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Browse our collection of photography book reviews.
- Black & white photography
- Close up and macro
- Darkroom manual
- Digital photography
- Digital retouching
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A quick flick through in the book shop and youd probably put this book straight back on the shelf - very few colour images and what appears to be a lack of tutorial info. Look a little closer and youll start to see fantastic selection of useful stuff - right from calibrating your system to effective ways of removing dust and scratches using Photoshop. The book leans towards users of Photoshop, but theres nuggets of info for anyone wanting to grasp digital imaging. And grasp is the key each chap...
Elements is a cut down version of Photoshop but no less satisfying to use and although the interface has been designed for beginners theres still plenty that needs good explanation and thats what Philip Andrews intends to do with this 246 page book. Colour throughout the book is heavily illustrated some examples are overkill but many are excellent visual aids to areas of digital imaging that are often talked about but rarely illustrated such as artefacts that occur when an image is saved as a J...
Colins impressive panoramic pictures have appeared in countless magazines, calendars, postcards and books. We would go as far as saying he is Mr Panoramic creator of sweeping images of beautifully exposed landscapes. This latest book is horizontal format, so, unfortunately, it wont fit neatly with your other photo books, but the shape lends itself to the panoramic format with many of the images crossing over two pages. Production quality is high and there are over 80 colour images within the 192...
Review This book, now in its fourth edition, has been upgraded to colour, which helps to explain the in-depth coverage of such things as pixels and bit depth. But beware, its not for the light hearted. You will discover how a CCD is made up and how compression works and youll soon be talking about Chroma decimation or youll have fallen asleep! If you like the technology more than the creative side of photography youll love this book but if youre a photographer who just wants to learn how to use...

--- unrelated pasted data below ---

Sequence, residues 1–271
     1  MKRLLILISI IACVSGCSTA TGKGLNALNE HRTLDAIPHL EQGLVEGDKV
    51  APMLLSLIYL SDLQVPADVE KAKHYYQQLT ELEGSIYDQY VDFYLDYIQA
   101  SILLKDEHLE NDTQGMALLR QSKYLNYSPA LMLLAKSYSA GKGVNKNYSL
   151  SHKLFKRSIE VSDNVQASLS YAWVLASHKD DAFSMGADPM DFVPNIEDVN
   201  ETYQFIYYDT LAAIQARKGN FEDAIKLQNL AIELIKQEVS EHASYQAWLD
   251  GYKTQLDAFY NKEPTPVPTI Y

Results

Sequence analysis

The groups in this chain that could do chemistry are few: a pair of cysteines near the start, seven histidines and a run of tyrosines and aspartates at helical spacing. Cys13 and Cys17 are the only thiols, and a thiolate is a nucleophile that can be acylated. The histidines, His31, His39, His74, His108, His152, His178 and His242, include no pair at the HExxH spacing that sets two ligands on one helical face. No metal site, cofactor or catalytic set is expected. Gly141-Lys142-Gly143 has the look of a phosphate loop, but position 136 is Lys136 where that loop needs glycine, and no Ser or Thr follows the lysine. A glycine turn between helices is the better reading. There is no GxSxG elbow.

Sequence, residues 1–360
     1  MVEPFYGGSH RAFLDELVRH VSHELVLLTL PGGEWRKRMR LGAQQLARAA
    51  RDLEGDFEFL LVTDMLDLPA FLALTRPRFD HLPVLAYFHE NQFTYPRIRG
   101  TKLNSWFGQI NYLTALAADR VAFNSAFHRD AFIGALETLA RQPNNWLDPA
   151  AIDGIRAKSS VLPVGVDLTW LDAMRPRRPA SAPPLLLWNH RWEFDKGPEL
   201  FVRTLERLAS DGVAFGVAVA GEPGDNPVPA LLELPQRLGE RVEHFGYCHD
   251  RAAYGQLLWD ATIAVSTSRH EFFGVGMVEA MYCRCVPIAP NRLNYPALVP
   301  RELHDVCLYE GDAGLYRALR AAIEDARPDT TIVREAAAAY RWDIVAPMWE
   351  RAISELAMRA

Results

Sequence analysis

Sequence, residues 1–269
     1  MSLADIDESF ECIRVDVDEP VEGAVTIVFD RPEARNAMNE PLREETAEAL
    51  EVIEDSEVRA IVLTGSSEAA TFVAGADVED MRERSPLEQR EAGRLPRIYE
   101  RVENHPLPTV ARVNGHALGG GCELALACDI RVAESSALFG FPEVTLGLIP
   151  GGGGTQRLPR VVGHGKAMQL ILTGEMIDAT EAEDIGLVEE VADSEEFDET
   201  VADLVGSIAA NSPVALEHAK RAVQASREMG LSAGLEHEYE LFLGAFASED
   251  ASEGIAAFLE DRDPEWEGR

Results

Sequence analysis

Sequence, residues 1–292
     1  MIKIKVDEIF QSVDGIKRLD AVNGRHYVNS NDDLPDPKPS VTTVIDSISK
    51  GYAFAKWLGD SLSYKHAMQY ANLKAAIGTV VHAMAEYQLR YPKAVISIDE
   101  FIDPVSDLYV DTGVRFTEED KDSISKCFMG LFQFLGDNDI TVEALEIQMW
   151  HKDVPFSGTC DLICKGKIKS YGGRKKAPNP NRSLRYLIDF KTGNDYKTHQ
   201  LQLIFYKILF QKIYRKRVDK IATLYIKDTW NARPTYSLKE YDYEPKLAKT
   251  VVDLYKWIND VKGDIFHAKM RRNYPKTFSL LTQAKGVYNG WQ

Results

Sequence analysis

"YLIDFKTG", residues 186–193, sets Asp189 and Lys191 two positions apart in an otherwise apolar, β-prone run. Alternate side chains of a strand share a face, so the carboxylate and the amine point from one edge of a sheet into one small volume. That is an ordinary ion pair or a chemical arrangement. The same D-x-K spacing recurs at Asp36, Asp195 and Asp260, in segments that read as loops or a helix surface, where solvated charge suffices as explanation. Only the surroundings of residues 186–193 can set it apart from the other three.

With his Olympus TV advertising in the 70s David Bailey reached recognition with the masses and the fact he photographed all the beautiful and famous made him the name in fashion and glamour photography. This aptly titled book picks out some of his best work that followed the fashions over the years from the 60s to present day. As a result many of the photos now look very dated. The printing is also quite suspect with a matt style paper that has dulled down the quality of repro. This doesn't do ...
This adaptation of the highly successful Earth From The Air book takes the original 170 aerial views and adds a further 195 to create a year of pictures. The quality is amazing with pictures of every corner of every continent. We are treated to a highly visual feast making us appreciate our world at a higher level. Better still each photograph is accompanied by a description of the area being photographed from above, so as well as being inspired by stunning landscapes we can learn loads at the ...
I've seen the odd beetle scuttle by over the years, but I never realised there was such a variety of fascinating colours. Living Jewels has just opened my eyes! It's a book of close up photos of dead beetles carefully arranged so that the legs are splayed uniformly and the body is square on to camera. The photos are excellent with insects reproduced to fill the 9.5x13.5inch pages each with a lovely subtle shadow that's almost like a ringflash effect. The only thing that lets the book down are pa...
FlipSigns, as the publisher says, shows how everyday street signs can be transformed into multilayered, kaleidoscopic designs. The question is why would anyone want to view 176 pages comprising little more than the 259 colour graphics. Okay, maybe the occasional graphic design student may get some ideas, but I'll be filing it under art!
This book has a stylish cover that uses just type to create the illustration, this, of course, being the theme for the book. To designers type is the essential element that makes a page pleasing to read or jarring. Much time is spent carefully laying out pages with different faces and sizes, bold serif sans serif italic small large. Basically a lot of time is wasted trying to determine what will and wont work for the new concept that's being created. It is designed to help and it does so perfect...
Since 1971 sculptor, turned photographer, Lynne Cohen has been recording peopleless interiors of labs, classrooms, offices, etc that look stark and uncomforting. The images are bizarre, do we really create such bleak environments? Most of the images are black & white and leave you feeling very cold. Its not the sort of book I would buy, but its certainly worth a once over from the public library.